— 12 May 2020
Article in The Sun misrepresents Antarctic discovery and misplaces it on map
in The Sun, by Charlotte Edwards
This article in The Sun describes the chance discovery of a small island in Antarctica’s Pine Island Bay, which seems to have appeared in the last decade. But the article sensationally connects this with a recent record high temperature at a station elsewhere in Antarctica. While warming trends in the atmosphere and ocean may be relevant, a single weather record is not. It is not yet clear what is responsible for the island’s appearance.
— 10 Mar 2020
ABC article effectively illustrates important climate trends for Australian readers
in Australian Broadcasting Company, by Tim Leslie, Joshua Byrd, Nathan Hoad
"This article is exceptionally good in delivering accurate information in an engaging way. There are many useful statements made about the effects of climate change on extreme weather globally and in Australia and these have been backed up by links to relevant peer-reviewed literature."
— 11 Dec 2019
Ian Plimer op-ed in The Australian again presents long list of false claims about climate
in The Australian, by Ian Plimer
"This article is a mixture of misdirection, misleading claims, and outright falsehoods. The author attempts to paint a picture of current climate change as simply a continuation of natural changes that have occurred in the past. But this neglects the clear evidence that climate change over the last two centuries has been shown to be largely man-made, that it is much more rapid that anything we have seen in the last two thousand years if not longer, and that it is occurring in the context of a globe with more than 7 billion human inhabitants."
— 26 Nov 2019
New York Times op-ed claiming scientists underestimated climate change lacks supporting evidence
in The New York Times, by Eugene Linden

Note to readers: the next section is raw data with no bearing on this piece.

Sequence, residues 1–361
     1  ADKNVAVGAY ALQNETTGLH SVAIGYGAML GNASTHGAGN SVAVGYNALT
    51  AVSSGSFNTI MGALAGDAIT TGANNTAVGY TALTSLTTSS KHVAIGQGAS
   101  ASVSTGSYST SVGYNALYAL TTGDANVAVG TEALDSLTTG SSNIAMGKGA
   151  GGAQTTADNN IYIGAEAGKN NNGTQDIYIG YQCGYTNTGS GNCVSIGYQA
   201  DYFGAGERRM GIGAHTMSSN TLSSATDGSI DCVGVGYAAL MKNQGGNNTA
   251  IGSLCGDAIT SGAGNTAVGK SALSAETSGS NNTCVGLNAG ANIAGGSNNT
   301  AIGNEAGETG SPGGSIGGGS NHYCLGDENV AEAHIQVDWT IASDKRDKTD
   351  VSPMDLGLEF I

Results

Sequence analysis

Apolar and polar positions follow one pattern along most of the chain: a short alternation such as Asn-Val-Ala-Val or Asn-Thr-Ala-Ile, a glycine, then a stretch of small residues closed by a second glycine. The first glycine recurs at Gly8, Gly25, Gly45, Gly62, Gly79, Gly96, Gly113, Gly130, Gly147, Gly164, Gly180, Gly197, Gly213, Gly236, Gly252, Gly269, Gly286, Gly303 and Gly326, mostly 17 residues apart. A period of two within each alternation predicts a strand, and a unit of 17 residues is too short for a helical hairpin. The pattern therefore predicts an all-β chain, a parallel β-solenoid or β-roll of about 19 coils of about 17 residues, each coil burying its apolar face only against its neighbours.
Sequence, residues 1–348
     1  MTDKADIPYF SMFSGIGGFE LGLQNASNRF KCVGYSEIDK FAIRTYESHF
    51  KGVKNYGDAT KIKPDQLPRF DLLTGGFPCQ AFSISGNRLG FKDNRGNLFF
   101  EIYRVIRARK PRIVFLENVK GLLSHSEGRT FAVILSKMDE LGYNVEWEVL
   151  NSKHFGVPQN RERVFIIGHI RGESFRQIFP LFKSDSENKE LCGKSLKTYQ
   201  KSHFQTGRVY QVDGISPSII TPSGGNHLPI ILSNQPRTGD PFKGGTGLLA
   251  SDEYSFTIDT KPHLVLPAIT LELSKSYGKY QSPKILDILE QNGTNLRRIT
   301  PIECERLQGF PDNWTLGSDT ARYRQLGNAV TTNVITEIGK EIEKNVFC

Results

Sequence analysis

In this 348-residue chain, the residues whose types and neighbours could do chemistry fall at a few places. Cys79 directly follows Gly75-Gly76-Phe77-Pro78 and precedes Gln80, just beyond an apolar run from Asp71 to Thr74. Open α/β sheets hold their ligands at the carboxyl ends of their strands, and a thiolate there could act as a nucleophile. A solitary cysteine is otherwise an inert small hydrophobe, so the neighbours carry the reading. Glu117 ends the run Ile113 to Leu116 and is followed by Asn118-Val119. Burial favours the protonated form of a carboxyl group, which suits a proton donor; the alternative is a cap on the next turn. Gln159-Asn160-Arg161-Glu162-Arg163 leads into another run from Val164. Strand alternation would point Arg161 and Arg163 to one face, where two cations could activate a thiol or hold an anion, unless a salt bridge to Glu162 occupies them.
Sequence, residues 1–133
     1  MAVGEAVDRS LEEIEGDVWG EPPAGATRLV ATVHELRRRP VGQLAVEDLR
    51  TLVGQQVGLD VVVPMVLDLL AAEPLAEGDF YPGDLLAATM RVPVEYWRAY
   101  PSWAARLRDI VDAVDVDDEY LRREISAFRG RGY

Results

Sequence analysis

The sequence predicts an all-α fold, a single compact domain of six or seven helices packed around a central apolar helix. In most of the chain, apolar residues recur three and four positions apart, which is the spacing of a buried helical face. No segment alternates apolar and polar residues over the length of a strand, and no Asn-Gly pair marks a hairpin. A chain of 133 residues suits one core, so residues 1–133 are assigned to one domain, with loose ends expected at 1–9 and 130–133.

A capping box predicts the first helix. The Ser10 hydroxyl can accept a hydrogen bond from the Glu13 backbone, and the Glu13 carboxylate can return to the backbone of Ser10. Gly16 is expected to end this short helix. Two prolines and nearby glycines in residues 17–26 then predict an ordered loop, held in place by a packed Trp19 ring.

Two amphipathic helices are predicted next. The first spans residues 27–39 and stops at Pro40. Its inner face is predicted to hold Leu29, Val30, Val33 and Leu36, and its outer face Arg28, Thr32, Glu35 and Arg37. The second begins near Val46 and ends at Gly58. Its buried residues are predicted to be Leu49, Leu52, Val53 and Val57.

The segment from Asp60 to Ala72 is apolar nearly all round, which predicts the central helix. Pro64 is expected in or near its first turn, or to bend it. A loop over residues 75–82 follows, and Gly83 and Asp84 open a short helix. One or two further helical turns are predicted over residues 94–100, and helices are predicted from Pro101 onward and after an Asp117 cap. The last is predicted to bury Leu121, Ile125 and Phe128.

"Most of the specific facts and statistics in this op-ed are correct, but the overall effect is significantly misleading. The author’s central point is that scientists have been drastically underestimating the scope and the pace of climate change until just the past decade or so, and recent events such as permafrost melting, ice cap loss, and extreme weather events have caught them by surprise. This is simply not true."
— 18 Nov 2019
Telegraph article on climate change mixes accurate and unsupported, inaccurate claims, misleads with false balance
in The Telegraph, by Sarah Knapton
"This article is a prime example of false equivalence, putting fringe figures side by side with mainstream scientific findings while failing to distinguish between their respective credibility. It is rife with numerous factual errors and misrepresentations. Anyone unfortunate enough to read it will understand less of the science – as actually appears in peer-reviewed publications and conferences – not more."
— 18 Oct 2019
 Note: These feedbacks do not constitute endorsements of the author’s political or economic ideology, rather they are assessments of the scientific foundations and reasoning of the argumentation contained within each article.